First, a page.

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  (Source: Warner Brothers)

Could cosmic rays be blame for unintended acceleration in Toyota vehicles and crashes? The National Highway Traffic Safety Administration is investigating the possibility, which was raised by an industry tipster.  (Source: SuperChevy.com)
Could outer space be endangering Toyota's drivers?

Whether individual reports of runaway Priuses are true or not, the sheer number of complaints and accidents would indicate that many vehicles in Toyota's lineup may have deep underlying issues. These issues are exacerbated by the fact that many American drivers are unaware of all the means at their disposal to stop their vehicles.

The feds are now examining a rather wild theory -- that cosmic radiation may be causing some of Toyota's electrical issues.  The feds received an anonymous tip from an industry source that Toyota's microprocessors, memory chips and software may be more sensitive to cosmic rays than its competitors, causing increased incidences of malfunctions.  Such problems are commonplace with airplanes or spaceships, raising the need for extremely robust electronic designs.

Sung Chung, who runs a California testing firm, says he believes the tipster may be correct.  He states, "I think it could be a real issue with Toyota.  [But] nobody wants to come out and say we have issues and we need to test."

Electrical interference could help to explain the unintended acceleration afflicting 13 models across Toyota's lineup, or about 5.6 million vehicles in total.  While software and hardware can compensate, to an extent for cosmic interference, cosmic rays can potentially cause the kind of unrepeatable "single event upsets" that could add up to many of the 3,000 complaints against Toyota received by the National Highway Traffic Safety Administration since 2000.

William Price, who worked at a jet propulsion laboratory studying extraterrestrial electromagnetic interference (EMI) for 20 years, comments, "[It] occurs virtually anywhere.  It doesn't happen in a certain locale like you would expect in an electromagnetic problem from a radio tower or something else."

A Toyota spokesperson in a brief comment to 
Freep.com said that Toyota's protections against extraterrestrial EMI were "robust against this type of interference" and that its vehicles featured "absolute reliability".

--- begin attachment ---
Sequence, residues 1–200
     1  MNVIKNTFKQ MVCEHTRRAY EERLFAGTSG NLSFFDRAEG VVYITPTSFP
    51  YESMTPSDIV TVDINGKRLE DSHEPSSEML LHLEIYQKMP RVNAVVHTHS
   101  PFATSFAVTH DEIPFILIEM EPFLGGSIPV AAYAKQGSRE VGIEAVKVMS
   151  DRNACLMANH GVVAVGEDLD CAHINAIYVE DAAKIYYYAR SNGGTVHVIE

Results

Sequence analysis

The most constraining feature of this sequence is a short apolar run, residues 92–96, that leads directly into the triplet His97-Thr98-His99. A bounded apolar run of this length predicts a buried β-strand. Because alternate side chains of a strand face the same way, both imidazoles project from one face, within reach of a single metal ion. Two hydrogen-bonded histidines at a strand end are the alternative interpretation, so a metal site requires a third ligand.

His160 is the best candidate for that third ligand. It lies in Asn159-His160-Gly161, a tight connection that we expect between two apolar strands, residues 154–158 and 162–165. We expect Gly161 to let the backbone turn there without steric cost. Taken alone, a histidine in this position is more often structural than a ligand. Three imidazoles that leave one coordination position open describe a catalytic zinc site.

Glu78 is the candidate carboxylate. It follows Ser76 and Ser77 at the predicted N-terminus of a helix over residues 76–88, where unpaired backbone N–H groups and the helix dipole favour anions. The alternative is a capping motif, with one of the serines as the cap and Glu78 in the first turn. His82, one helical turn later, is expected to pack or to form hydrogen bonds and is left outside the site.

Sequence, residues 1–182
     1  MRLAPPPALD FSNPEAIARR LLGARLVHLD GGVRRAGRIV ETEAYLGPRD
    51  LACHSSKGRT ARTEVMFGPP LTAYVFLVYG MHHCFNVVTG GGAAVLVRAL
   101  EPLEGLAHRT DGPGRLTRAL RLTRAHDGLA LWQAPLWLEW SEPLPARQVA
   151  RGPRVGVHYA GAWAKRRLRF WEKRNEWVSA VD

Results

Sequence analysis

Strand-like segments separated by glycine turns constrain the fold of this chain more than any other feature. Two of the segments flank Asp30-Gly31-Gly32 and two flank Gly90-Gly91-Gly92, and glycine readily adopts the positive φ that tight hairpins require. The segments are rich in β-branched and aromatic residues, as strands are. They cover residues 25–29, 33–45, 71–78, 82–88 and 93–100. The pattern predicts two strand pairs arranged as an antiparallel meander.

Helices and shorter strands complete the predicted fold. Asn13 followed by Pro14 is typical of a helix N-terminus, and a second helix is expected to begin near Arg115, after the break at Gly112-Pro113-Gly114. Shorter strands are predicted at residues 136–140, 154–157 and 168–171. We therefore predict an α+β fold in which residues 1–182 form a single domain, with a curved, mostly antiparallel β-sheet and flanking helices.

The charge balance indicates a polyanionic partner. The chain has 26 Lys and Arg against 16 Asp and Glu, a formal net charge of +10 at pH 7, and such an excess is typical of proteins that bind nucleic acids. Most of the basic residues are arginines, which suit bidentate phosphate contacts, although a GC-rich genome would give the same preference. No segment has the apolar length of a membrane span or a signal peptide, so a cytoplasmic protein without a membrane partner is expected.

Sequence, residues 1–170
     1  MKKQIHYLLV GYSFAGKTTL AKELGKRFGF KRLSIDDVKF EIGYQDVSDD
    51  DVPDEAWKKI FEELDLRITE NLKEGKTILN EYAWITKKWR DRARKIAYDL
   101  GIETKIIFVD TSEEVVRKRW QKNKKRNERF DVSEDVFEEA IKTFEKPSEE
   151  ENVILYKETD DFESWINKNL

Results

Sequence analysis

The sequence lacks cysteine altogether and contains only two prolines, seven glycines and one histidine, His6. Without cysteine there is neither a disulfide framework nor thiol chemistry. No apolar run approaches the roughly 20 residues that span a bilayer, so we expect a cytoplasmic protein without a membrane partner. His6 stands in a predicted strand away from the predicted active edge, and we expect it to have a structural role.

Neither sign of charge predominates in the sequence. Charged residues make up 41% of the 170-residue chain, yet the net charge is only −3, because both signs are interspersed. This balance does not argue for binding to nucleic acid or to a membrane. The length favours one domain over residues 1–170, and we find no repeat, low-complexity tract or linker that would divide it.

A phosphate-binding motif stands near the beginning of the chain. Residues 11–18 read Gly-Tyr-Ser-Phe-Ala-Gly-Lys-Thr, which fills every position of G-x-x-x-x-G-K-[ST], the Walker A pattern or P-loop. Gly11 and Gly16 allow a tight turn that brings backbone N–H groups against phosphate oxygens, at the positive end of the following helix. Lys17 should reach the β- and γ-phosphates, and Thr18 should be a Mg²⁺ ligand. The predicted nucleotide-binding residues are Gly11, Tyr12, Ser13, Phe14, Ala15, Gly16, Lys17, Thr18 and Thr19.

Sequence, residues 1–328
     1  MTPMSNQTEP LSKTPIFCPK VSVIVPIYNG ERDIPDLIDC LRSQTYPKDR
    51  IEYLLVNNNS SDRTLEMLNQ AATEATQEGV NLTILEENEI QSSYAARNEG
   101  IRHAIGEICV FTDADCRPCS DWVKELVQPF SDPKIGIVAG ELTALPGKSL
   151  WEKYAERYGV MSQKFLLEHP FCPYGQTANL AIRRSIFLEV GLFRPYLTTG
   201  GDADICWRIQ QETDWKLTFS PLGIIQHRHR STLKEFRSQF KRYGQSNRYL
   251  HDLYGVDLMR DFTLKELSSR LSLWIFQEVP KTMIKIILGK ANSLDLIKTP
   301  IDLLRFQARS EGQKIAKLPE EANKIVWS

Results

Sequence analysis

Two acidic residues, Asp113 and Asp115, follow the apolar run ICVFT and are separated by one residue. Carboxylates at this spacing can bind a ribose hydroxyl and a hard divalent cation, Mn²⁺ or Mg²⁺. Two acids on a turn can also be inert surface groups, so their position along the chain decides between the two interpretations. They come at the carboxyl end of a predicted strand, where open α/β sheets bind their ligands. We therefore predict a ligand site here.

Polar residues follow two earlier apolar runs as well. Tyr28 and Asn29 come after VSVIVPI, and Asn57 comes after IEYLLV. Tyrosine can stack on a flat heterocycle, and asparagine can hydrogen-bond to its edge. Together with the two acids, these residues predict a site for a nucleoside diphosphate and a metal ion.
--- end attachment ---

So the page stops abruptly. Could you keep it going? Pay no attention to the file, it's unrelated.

Toyota may not be the only one susceptible to cosmic EMI, though.  Other manufacturers likely would have similar occurrences even in more reliable designs, albeit less frequently.

Cosmic EMI may turn out to be of little concern, or it may turn out to be a major problem with the increased use of in car electronics.  The auto industry used to use mechanical links, but now uses electrical throttle controls to save weight and space, and make other technologies possible, such as stability control.  Those benefits could come at a cost, though.

Update:

There's a lot of confusion about what "cosmic interference" or "cosmic EMI" is.  "Cosmic interference" or "cosmic radiation" can mean one of two things:
First, disruption due to cosmic rays, which are primarily composed of protons (hydrogen ions), helium nuclei (alpha particles), and high energy electrons.  Secondly, cosmic bodies like the sun can transmit self-propagating electromagnetic waves through the vacuum.  These waves can be referred to as "cosmic EMI".  Cosmic particles can also cause damage, but aren't referred to as EMI.  This article is referring to both cosmic rays and cosmic electromagnetic radiation.



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Cosmic Extravagence
By noealo on 3/19/2010 2:48:32 AM , Rating: 2
The claims that cosmic rays will cause soft errors affects all electronics systems. It is not possible to fully protect from radiation based errors.

It is absurd to think that a car would have more redundancy than a space shuttle, airplane, ship, elevator, anything. Think about how much these things cost. Not to mention the rad-hardened processors and voting logic with multi-bit ECC costs a lot of money and these systems are very slow. And that still doesn't protect you from design faults. Design of any nature cannot be perfect especially in consumer products.

So you can either have a car that has a perfect control system that costs more than everything else in the car or you can accept that your cheap control system is good enough. I dont think people understand that if you want to buy something that has actual six sigma relaiblity your going to have to pay through your teeth.

Given that there are no statistically significant anomalies and most recent cases are clearly faked and scam attempts. Not to mention under human factor the knowledge that there exists unintended acceleration leads people to automatically believe that it happened to them when it cant be found.

Talk about using pure mechanical systems is nonsense, if your mechanical break cable fails there is no fail safe that can protect you. A purely mechanical system cannot detect if some critical component failed in an unexpected way. Electronic systems can monitor thousands of parameters and react to system abnormalities.




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